In "The Way of the Puffin" in the April 21 New Yorker, Jonathan Franzen traces the origins of a stuffed puffin golf-club cover back to the factory in China, with some visits along the way to Chinese nature reserves and bird-watchers' meetings. First, though, he explains his love-hate relationship with golf:
My difficulty with golf is that, although I play it once or twice a year to be sociable, I dislike almost everything about it. The point of the game seems to be the methodical euthanizing of workday-sized chunks of time by well-off white men. Golf eats land, drinks water, displaces wildlife, fosters sprawl. I dislike the self-congratulations of its etiquette, the self-important hush of its television analysts. Most of all, I dislike how badly I play the game. Spelled backward, golf is flog.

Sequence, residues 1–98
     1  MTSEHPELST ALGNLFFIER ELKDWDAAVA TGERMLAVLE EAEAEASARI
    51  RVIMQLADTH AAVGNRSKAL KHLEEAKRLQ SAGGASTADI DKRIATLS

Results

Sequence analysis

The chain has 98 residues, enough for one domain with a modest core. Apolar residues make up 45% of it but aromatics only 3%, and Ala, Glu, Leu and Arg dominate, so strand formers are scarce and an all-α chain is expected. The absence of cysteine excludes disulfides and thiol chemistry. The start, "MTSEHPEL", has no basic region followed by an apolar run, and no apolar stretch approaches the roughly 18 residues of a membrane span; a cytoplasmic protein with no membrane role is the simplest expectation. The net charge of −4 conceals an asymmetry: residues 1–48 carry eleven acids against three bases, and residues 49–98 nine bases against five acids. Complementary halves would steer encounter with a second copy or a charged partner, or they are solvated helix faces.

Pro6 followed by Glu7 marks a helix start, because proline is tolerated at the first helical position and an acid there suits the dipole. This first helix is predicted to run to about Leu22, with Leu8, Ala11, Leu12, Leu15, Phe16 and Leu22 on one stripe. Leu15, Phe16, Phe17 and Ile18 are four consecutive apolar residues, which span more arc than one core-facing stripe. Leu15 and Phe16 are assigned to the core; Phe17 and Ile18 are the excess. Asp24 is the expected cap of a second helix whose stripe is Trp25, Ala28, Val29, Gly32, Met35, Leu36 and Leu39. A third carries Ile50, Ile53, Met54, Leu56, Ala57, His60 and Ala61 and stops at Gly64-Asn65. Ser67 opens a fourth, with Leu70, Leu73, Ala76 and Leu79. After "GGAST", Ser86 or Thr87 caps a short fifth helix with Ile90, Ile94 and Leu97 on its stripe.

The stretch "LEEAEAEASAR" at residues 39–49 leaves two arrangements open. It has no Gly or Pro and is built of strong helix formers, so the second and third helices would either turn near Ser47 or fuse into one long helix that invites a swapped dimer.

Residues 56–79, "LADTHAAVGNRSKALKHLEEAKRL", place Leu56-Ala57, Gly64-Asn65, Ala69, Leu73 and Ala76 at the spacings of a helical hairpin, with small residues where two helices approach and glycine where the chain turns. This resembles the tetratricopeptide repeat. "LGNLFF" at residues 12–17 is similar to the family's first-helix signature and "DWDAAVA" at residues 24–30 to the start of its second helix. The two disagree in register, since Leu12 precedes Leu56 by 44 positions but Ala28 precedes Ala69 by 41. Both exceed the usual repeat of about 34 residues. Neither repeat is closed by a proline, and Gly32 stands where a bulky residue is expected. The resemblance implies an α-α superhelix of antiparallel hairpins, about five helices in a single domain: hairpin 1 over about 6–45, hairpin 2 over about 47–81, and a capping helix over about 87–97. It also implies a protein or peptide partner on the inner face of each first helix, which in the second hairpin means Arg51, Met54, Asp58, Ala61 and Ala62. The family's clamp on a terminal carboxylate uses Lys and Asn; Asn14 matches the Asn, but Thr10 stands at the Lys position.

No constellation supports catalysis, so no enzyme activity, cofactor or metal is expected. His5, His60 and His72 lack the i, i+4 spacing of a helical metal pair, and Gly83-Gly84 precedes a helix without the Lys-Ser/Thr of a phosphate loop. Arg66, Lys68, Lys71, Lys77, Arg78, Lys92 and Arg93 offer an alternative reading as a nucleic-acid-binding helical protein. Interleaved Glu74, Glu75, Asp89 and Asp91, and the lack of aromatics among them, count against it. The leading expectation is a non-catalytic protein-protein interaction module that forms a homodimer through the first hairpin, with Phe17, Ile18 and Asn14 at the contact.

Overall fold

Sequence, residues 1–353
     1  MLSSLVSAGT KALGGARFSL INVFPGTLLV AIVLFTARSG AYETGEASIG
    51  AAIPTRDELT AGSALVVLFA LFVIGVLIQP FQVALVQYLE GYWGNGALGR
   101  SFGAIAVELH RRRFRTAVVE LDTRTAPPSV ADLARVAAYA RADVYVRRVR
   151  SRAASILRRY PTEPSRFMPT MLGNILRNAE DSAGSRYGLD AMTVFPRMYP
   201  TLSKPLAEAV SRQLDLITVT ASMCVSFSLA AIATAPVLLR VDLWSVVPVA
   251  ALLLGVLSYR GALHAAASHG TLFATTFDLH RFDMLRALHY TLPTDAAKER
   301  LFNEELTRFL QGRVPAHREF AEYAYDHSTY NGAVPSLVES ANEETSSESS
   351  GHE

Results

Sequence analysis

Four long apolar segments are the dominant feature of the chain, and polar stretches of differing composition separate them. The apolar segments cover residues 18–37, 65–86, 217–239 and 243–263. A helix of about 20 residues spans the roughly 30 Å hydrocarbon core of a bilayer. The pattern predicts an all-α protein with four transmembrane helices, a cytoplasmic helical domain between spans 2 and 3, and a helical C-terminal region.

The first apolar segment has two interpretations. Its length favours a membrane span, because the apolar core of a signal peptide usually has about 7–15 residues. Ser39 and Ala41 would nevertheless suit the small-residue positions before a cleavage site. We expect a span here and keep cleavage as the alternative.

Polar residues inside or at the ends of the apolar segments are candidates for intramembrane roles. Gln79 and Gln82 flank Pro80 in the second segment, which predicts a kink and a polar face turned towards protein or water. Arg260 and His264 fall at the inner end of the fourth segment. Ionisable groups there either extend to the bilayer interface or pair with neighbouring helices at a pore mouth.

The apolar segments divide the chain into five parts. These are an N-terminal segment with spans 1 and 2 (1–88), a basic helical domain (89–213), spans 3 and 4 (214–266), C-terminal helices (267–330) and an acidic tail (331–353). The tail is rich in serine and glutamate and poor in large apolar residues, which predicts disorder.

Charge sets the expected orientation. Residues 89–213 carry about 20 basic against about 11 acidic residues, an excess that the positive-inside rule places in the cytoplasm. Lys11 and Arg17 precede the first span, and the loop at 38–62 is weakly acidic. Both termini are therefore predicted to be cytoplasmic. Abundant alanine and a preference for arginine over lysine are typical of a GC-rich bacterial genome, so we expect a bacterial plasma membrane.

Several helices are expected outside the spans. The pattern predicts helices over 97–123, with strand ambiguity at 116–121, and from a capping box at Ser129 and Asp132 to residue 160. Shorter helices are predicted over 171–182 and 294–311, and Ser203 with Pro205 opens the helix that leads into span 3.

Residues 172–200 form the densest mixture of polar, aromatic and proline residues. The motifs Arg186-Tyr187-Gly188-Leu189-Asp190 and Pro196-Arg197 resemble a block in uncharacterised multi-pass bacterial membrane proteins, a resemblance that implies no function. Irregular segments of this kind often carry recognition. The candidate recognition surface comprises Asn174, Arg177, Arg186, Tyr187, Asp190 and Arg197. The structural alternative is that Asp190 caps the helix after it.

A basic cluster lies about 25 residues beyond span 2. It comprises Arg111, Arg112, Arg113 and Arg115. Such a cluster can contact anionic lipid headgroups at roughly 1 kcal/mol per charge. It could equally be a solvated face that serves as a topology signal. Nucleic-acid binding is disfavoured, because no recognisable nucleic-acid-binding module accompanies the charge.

I'm not much of a fan of golf, but I'm a big fan of Franzen's use of parallel structure in the third sentence and the clunky, bumptious phraseology in the second half of the second sentence.
But what does golf have to do with puffins? To find out, you'll have to read the article.